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Climate change 07 Sep 2017

Human engineering to fight against climate change

Climate change is one of the greatest problems facing humanity. Abrupt temperature changes, famine, disease and floods are all evidence that changes in the climate are not a myth. The consequences could get worse if we do not manage to reduce the greenhouse effect, as Matthew Liao warns in his book The Next Step: Exponential Life. It can be downloaded at no charge  on BBVA’s website for the OpenMind project.

A recent study published by Frontiers in Marine Science magazine reveals that more than 51% of Europeans believe that human activity is not the main cause of global warming. Spain, Italy and Germany stand out as the countries where people are most familiar with the problem. More than 60% of those interviewed in these countries are aware that climate change has a human origin and are willing to take steps to address it.

A team of researchers from Lund University in Sweden compiled different studies from recent years that offer calculations of how some individual actions add up to major progress in the fight against climate change. The results of this study show that the actions with the greatest impact are having fewer children, not owning a car, not taking long flights and not eating animal products.

Liao, who is the Director of the Center for Bioethics at New York University, goes one step farther, proposing the development of human engineering as the most effective way to fight climate change. To that end, he offers four solutions that are corroborated by studies that have already been published. Before developing his theory, Liao makes clear that as he envisages it, “human engineering would be a voluntary activity…rather than a coerced, mandatory activity.”

Pharmacological intolerance to meat

An FAO report estimates that 18% of global greenhouse gas emissions come from intensive livestock farming. Each cow emits between 100 and 500 liters of methane per day. Most of these animals are raised for human consumption, meaning that reducing the amount of red meat in our diet by 21% could have a large impact on the environment.

In order to reduce this consumption, Liao suggests artificially inducing an intolerance by stimulating the immune system to work against the proteins present in beef. This intolerance could be provoked naturally from a Lone Star tick bite, which is not harmful for humans. This bite would transmit a carbohydrate called alfa-gal to the bloodstream, leading people to produce antibodies to fight it. Liao is not suggesting that people become vegetarians, but rather that they acquire an intolerance to the animal that contributes the most to greenhouse gas emissions.

"18% of global greenhouse gas emissions come from  intensive livestock farming"

Having smaller children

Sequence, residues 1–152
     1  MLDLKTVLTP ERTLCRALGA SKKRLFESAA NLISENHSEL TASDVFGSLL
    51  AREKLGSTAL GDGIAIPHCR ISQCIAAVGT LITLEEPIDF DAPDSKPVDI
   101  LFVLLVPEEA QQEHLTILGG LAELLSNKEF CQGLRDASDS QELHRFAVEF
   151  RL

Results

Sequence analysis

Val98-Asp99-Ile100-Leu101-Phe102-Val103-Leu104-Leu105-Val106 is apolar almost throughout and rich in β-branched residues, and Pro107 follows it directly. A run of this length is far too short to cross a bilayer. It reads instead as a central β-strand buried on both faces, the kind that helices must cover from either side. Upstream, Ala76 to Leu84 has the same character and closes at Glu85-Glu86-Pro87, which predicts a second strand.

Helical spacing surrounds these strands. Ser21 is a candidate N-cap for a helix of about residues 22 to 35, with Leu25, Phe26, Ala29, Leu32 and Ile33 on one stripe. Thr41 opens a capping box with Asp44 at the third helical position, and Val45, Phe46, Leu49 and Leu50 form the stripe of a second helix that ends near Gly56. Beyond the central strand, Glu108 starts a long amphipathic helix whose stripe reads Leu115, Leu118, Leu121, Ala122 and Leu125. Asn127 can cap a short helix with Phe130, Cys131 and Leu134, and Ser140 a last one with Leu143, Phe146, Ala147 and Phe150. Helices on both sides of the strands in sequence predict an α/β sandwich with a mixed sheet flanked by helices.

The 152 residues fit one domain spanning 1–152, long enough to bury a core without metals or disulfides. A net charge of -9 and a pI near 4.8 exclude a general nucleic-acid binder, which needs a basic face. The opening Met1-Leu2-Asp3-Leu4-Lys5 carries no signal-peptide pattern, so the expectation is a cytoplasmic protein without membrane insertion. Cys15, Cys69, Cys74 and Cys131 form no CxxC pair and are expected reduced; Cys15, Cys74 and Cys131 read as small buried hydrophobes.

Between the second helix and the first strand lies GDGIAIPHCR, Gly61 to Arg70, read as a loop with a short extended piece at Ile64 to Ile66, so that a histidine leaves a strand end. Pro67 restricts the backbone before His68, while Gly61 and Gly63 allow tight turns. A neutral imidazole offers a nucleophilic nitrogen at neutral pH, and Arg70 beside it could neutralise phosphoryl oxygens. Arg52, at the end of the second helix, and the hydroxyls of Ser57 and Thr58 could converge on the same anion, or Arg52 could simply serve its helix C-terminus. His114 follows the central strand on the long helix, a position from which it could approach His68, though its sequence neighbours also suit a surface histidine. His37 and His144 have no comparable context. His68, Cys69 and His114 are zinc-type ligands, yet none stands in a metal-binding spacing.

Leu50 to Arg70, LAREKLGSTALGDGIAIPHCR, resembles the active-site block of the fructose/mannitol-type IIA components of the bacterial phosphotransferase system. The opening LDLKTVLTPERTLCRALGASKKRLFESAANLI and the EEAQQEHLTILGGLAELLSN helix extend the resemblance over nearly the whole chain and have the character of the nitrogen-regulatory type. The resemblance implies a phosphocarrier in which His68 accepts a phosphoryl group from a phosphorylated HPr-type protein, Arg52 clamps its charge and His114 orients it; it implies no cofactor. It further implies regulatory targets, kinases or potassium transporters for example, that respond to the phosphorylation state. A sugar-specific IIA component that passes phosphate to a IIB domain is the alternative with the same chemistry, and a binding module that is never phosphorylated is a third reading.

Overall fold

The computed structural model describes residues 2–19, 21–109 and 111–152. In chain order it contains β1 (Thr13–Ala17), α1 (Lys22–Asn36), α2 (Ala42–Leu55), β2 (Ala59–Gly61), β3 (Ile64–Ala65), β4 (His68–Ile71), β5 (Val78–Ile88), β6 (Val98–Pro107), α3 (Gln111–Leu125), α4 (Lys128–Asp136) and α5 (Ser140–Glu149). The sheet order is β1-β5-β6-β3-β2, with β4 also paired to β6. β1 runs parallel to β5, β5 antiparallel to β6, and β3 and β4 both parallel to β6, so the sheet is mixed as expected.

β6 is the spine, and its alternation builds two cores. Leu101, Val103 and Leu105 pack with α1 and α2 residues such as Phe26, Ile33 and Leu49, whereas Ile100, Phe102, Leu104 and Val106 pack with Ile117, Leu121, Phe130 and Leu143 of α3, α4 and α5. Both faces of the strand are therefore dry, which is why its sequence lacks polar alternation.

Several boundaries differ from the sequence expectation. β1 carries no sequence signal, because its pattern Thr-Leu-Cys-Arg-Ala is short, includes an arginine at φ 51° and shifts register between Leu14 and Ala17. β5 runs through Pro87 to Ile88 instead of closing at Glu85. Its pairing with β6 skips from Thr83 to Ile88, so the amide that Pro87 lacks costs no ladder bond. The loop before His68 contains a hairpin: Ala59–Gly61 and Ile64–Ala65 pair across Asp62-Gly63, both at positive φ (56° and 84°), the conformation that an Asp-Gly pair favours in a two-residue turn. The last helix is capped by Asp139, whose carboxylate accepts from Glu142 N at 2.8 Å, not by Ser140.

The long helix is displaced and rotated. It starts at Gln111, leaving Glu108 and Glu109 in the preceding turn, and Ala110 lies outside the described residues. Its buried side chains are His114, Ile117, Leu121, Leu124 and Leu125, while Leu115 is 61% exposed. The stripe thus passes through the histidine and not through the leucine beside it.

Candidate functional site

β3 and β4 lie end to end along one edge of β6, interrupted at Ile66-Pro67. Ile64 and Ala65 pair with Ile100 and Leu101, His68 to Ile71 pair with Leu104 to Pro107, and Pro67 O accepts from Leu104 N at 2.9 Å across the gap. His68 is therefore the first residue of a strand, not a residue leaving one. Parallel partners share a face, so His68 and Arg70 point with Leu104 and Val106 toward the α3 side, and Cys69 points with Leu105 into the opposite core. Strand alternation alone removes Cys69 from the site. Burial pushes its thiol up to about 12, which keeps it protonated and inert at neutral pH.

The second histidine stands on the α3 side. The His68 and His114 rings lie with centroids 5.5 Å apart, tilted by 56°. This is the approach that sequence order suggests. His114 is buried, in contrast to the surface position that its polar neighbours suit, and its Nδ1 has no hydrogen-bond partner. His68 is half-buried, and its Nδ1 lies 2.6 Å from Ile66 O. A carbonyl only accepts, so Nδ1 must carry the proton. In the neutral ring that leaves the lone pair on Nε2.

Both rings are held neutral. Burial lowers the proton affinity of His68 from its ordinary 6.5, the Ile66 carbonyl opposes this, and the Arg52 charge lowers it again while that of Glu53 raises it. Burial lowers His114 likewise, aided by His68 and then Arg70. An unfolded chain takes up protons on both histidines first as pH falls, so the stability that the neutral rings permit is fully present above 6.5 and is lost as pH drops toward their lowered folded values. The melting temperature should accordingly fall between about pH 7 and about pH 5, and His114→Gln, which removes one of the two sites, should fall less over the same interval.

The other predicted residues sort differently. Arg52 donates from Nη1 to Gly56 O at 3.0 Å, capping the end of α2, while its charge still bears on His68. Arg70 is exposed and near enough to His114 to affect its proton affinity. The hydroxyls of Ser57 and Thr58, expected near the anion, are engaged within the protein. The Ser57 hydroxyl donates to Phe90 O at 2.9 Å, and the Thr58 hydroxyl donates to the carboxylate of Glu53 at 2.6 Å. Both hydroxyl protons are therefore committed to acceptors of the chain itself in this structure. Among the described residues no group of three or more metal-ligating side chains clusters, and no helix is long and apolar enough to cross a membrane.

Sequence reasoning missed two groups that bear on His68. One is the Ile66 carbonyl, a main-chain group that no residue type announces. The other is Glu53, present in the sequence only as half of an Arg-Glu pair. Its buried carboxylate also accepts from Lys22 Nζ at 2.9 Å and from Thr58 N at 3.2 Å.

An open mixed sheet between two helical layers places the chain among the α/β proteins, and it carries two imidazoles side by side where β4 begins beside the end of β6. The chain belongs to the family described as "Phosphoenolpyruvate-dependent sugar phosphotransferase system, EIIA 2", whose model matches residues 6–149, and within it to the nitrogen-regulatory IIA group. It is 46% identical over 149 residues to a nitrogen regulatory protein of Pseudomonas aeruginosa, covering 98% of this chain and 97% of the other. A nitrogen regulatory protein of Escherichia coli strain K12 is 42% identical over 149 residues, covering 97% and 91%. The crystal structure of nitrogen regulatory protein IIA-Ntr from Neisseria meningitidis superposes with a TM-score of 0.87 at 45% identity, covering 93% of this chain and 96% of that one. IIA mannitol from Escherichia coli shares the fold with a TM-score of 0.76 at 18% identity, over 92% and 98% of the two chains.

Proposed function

The human footprint is closely tied to people’s size, meaning that an effective way to reduce the environmental impact is to make humans smaller. This could be accomplished through pre-implantation genetic diagnosis (PGD) in fertility clinics to assess embryos with certain genetically transmitted diseases. The PGD could be used to select shorter children, which would not entail any type of genetic alteration.

Hormone treatment is another method the philosopher proposes to modify levels of the growth hormone somatotrophin in order to cause the growth cartilage to close ahead of time. This method is already being used to stop growth in children who are too tall. He also suggests activating the genes of one of the parents and deactivating those of the other, through medication or nutrients, in order to lessen the size of the baby.

Reducing birth rates

Although having children does not by itself have a major impact on the environment, doing so in a society where each person emits too much pollution creates a real problem.  According to World Bank data, in 2016 a person in the Congo emitted 30 kg of CO2 per year, while a person in the U.S. produced 16.4 tons of CO2.

The solution lies in access to education to reduce the birth rate in places with the greatest pollution, thereby helping to improve the environment. Liao suggests using medications such as Ritalin and Modafinil to improve cognitive functions in order to reduce the birth rate in countries like the United States, where the teen pregnancy rate is one of the highest. These medications can increase people’s ability to teach themselves, which would affect the birth rate, and indirectly, climate change.

Pharmacologically induced altruism and empathy

Most environmental problems come from a lack of collective action. As they do not consider themselves the main cause of climate change, humans do not take action to fight it. The induction of altruism and empathy can increase the likelihood of this occurring. There is evidence that altruism and empathy have a biological foundation that could be pharmacologically altered.

A clinical trial has shown that if the hormone oxytocin (available in pharmacies with a prescription) is administered, it creates a tendency to act with greater integrity. Oxytocin also seems to improve people’s ability to understand other people’s emotions, an essential characteristic for empathy. These studies suggest that interventions that affect sensitivity in the neural systems could also increase people’s willingness to cooperate with rules or social goals.

According to Liao, the proposals he includes in the OpenMind book are feasible and could lead to major progress in the fight against climate change. Many of the technologies mentioned above, such as PGD, are already being used for other purposes with success. However, prior to convincing people to participate in human engineering, the risks involved must first be minimized.

 

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